How Brands are Utilizing Tagging on Facebook

Last month, Facebook announced that users would now be able to tag brand pages in their photos unlocking a unique opportunity for brand advocates to show their love.  Even if the user is not a fan of the brand’s Facebook page, they would be able to tag their coffee as ‘Starbucks’ or their outfit as ‘Banana Republic’ and have the picture appear on the brand’s page under Photos.  While the new feature makes the page more vulnerable to spam, the benefit of users promoting products and services on behalf of the brand seems to outweigh the risks.  Administrative users of brand pages can also remove tags if necessary.

As an example I tagged John Deere, who I am not a fan of on Facebook and my photo shows up in the ‘Photos and Videos of John Deere’ section automatically.

And when you view the photo on my personal album, you can see John Deere as tagged, giving a link back to the John Deere fan page.

Examples of Facebook Tagging In Use and Eddie Bauer were early adopters of the new tagging feature, making announcements on their wall directly asking fans to tag their photos containing the brand’s apparel. Even better, both brands took the call to action a step further, actively commenting on user photos complimenting their look which encourages other fans to share as well.  An example below shows’s original wall post and their engagement on a fan photo.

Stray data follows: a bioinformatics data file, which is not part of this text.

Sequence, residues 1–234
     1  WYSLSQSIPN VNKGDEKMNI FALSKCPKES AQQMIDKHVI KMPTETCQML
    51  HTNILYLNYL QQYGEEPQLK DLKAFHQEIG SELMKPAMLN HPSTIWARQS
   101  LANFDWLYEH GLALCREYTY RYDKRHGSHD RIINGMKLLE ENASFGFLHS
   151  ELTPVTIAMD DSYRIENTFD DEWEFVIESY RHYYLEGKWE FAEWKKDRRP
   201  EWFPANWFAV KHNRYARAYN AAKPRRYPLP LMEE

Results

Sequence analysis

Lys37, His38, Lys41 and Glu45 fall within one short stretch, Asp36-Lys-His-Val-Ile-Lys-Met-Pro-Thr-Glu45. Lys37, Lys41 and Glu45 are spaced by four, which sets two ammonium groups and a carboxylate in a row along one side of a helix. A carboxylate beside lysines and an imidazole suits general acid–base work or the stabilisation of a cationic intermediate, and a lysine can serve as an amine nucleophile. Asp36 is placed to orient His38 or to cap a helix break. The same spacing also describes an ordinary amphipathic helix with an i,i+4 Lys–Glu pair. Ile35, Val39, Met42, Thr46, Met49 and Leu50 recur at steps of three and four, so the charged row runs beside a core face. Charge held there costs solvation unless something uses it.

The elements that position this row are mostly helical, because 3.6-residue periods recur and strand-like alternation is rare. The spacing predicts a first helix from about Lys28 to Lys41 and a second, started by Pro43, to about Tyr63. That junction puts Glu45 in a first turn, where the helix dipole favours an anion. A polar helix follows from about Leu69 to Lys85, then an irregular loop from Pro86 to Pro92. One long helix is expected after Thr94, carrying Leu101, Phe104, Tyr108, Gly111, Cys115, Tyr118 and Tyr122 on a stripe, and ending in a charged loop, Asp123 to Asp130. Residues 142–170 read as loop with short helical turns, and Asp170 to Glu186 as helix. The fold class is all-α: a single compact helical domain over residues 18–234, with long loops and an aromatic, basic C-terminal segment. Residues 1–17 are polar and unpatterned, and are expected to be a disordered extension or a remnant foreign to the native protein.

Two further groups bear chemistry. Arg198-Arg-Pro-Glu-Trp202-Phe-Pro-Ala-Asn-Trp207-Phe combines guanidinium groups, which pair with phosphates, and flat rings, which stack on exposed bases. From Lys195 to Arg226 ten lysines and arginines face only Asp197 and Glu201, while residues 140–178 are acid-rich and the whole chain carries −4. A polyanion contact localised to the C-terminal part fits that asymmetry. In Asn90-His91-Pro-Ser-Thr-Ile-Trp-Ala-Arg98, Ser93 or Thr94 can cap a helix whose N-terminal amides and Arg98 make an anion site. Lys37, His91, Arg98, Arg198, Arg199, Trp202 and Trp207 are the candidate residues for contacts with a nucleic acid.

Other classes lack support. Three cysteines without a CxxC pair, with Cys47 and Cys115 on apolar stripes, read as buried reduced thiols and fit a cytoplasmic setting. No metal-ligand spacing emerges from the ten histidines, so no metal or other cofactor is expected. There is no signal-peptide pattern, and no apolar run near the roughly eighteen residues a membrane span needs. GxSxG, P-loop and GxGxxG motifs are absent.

Additionally, Domino’s Pizza (who is also promoting photo tagging like was ahead of its time utilizing another feature—tagging fans in comments.  Back at the end of April, they asked fans to tag a friend they would give their last slice of pizza to.  Out of 448 comments, 168 people were successfully tagged in the post comments increasing the post’s reach by almost 22,000 additional impressions*.

What brands have you seen use Facebook tagging to interact with their fans?  Share with us in the comments below!

*assumes the average fan has 130 friends

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